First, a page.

The National Labor Relations Board has launched yet another attack on employers who use staffing agencies and external labor sources. The NLRB’s long-awaited decision yesterday in Miller & Anderson makes it much easier for unions to simultaneously represent both the permanent employees of a company and workers from staffing agencies. It does so by eliminating the requirement that both employers -- companies and staffing agencies -- consent to the combined bargaining unit.
Now the unions will decide whether the groups are represented jointly or separately unless there is an overwhelming showing the groups do not share a sufficient community of interest. Previously, unions seeking to represent both traditional employees and temporary workers in a single unit were required to obtain the consent of both the employer and staffing agency.
Employers must now confront complex issues of collective bargaining and contract administration that arise from bargaining units covering diverse employment arrangements. For example, an employer that subcontracts with a staffing agency might be forced to simultaneously bargain over both those external employees and its own permanent employees, despite the two groups’ divergent interests on many issues. Staffing agencies and other labor supply companies, on the other hand, could find themselves drawn into labor disputes, whether or not their own employees are involved.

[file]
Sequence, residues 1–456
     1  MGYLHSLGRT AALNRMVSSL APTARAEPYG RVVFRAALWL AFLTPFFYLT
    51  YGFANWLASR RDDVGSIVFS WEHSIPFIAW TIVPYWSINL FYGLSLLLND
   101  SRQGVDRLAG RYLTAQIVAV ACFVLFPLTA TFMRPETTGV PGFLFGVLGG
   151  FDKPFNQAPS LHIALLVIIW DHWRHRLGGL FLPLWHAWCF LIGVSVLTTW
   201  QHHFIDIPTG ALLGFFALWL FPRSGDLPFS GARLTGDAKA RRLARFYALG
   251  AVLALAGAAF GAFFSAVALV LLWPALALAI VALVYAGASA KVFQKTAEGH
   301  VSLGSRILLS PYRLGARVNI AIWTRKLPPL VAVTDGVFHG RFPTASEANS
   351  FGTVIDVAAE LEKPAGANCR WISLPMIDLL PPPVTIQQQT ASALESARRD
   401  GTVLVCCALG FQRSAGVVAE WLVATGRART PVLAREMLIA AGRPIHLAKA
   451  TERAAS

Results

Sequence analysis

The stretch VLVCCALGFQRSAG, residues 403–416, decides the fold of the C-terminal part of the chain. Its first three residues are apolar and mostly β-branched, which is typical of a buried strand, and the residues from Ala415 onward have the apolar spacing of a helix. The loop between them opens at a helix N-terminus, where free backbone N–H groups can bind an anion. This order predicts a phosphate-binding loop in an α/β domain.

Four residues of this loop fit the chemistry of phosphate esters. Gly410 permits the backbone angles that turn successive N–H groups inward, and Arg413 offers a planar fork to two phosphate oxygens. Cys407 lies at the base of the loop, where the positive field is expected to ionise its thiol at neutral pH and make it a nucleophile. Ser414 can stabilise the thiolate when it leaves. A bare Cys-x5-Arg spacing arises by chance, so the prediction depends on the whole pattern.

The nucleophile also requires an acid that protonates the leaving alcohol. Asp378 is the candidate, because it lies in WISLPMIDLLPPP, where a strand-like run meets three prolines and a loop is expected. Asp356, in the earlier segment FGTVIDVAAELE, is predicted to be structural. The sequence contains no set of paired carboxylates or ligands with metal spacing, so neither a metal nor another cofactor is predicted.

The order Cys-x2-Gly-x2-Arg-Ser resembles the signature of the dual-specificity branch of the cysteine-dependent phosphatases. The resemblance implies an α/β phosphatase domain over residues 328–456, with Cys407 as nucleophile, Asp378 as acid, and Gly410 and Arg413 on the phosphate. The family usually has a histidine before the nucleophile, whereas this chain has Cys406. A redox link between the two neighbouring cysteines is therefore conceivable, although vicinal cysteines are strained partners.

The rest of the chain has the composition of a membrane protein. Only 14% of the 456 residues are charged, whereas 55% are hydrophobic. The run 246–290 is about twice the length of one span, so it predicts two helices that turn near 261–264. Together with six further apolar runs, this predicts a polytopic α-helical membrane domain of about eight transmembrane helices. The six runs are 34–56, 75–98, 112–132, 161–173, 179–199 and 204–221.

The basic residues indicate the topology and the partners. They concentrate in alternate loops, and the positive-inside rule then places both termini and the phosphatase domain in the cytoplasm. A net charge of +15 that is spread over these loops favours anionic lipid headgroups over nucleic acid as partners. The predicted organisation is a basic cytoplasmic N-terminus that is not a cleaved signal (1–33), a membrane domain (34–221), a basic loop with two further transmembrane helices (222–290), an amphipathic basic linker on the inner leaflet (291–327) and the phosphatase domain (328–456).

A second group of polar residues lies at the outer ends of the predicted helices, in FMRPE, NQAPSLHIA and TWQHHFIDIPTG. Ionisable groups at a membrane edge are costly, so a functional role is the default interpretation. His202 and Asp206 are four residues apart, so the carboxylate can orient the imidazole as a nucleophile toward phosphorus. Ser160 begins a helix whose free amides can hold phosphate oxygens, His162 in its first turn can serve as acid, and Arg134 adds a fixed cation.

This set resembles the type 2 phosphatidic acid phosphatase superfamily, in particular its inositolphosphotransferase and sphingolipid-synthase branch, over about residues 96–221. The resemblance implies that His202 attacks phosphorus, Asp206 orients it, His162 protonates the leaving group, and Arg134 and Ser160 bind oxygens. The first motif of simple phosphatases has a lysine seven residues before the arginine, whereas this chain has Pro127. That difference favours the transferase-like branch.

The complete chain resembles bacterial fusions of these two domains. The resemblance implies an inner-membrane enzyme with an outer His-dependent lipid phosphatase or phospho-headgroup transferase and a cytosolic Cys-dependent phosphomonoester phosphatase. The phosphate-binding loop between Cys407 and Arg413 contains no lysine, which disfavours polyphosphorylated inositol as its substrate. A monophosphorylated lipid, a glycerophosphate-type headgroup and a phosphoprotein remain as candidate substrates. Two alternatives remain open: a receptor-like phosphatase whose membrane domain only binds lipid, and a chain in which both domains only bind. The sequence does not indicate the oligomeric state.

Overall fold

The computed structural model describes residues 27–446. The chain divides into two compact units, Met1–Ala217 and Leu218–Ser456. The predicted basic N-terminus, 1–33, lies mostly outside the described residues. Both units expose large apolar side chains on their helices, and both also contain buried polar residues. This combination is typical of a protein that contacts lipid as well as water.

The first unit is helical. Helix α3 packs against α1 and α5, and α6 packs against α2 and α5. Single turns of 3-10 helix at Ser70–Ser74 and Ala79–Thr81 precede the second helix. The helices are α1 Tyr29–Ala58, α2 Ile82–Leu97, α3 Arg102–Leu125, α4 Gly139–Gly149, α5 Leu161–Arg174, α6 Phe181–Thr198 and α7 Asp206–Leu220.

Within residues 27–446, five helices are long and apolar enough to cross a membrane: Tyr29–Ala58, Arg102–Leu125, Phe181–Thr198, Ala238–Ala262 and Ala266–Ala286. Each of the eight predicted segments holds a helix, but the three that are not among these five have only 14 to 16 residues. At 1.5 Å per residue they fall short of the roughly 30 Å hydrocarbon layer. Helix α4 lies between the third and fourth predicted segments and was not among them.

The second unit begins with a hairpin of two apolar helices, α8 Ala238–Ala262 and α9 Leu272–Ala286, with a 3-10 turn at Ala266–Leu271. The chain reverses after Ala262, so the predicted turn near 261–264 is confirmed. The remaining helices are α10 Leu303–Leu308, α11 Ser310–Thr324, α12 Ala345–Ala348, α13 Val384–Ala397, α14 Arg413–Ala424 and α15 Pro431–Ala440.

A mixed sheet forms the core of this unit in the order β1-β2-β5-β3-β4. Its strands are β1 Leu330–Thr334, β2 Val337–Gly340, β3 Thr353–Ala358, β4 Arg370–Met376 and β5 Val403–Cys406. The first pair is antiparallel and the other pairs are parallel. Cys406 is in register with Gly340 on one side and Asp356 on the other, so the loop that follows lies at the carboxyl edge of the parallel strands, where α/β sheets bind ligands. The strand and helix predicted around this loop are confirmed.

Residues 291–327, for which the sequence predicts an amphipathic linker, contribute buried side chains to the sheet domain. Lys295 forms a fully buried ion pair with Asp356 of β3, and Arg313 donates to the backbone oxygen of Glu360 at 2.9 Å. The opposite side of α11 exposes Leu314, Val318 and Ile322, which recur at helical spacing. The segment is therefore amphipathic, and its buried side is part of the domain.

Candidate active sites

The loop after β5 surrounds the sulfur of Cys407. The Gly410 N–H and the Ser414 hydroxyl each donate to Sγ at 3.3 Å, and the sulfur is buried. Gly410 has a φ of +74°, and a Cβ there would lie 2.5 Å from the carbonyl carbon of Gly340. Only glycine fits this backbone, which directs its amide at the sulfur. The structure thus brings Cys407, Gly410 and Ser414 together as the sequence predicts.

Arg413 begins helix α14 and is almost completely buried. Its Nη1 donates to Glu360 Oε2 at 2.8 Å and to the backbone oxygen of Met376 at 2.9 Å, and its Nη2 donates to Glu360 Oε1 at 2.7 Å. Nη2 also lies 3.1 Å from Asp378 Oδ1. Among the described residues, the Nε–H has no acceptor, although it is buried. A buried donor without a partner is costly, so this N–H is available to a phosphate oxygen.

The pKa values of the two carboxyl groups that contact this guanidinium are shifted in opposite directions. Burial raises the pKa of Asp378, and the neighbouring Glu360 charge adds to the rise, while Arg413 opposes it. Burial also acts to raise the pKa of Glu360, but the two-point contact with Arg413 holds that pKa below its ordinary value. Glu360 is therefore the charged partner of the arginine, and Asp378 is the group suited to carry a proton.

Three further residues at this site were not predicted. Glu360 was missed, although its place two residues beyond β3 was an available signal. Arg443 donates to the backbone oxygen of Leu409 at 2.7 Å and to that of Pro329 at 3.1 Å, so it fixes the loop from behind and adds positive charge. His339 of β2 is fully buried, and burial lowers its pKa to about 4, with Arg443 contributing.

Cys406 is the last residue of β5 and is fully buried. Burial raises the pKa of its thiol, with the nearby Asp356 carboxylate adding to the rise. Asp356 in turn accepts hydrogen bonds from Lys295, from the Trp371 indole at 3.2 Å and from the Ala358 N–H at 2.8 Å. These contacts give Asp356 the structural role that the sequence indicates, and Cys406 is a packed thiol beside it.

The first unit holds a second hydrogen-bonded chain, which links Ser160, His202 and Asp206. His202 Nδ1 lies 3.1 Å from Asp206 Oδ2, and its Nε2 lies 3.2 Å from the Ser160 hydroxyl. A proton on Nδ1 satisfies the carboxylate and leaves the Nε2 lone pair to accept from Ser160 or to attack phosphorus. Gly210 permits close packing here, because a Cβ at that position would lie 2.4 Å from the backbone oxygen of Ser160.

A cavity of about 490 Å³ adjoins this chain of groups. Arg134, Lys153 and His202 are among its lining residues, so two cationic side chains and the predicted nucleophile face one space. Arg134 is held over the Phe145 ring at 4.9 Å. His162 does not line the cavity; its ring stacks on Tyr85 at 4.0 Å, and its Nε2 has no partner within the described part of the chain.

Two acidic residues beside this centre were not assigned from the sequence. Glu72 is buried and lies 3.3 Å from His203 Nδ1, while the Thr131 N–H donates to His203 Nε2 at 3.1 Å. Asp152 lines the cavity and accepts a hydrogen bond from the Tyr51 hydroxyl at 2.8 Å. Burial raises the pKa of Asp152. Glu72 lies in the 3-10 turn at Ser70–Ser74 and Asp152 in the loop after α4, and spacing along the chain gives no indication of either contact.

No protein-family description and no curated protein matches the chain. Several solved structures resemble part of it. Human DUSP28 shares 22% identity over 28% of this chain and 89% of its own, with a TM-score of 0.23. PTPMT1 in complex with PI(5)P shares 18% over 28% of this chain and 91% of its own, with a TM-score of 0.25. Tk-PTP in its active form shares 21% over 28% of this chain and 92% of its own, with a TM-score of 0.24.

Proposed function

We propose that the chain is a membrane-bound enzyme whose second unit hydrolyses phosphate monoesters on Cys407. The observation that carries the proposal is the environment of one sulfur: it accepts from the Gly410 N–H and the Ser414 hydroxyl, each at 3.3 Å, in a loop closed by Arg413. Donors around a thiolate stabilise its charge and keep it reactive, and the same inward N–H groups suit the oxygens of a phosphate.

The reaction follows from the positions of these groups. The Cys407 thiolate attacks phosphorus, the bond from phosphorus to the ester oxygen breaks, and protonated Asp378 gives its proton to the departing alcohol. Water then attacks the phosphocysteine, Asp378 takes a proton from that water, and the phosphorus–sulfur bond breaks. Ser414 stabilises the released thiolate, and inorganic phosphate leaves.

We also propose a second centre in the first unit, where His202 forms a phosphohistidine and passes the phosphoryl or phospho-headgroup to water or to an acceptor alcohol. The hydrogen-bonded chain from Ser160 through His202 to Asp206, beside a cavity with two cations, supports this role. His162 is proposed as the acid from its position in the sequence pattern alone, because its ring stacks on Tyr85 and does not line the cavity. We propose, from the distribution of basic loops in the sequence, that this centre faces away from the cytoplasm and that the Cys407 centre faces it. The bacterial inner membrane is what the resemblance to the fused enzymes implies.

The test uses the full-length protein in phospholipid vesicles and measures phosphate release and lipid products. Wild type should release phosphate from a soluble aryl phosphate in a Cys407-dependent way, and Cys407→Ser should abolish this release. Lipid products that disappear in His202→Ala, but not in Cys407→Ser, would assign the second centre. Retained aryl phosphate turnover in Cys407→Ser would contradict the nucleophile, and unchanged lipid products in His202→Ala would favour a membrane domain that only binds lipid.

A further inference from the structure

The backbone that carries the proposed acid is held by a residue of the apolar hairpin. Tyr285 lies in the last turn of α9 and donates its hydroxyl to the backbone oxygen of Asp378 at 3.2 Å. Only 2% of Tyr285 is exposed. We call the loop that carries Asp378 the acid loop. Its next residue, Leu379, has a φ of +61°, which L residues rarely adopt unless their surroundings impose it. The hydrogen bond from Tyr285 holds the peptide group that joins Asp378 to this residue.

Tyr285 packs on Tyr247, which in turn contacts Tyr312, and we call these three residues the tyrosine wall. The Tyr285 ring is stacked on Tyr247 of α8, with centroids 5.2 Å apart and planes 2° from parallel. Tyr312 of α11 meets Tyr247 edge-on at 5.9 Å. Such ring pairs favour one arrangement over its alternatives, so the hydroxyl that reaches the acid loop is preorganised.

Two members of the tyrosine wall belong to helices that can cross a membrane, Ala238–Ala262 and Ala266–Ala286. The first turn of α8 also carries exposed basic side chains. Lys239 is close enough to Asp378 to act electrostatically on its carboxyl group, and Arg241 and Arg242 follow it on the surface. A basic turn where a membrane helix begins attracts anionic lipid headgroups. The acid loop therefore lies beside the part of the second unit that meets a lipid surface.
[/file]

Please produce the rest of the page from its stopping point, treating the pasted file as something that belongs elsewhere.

For companies that use staffing agencies or external labor suppliers, proper planning might prevent a future determination of joint-employer status or of a “community of interest” between internal and external employees. Likewise, staffing agencies themselves will need to be prepared for opportunistic organizing activities by unions and their allies. The Board’s decision to return to a standard not requiring employers’ consent has tremendous reach and opens up greater possibilities for unionization and bargaining efforts.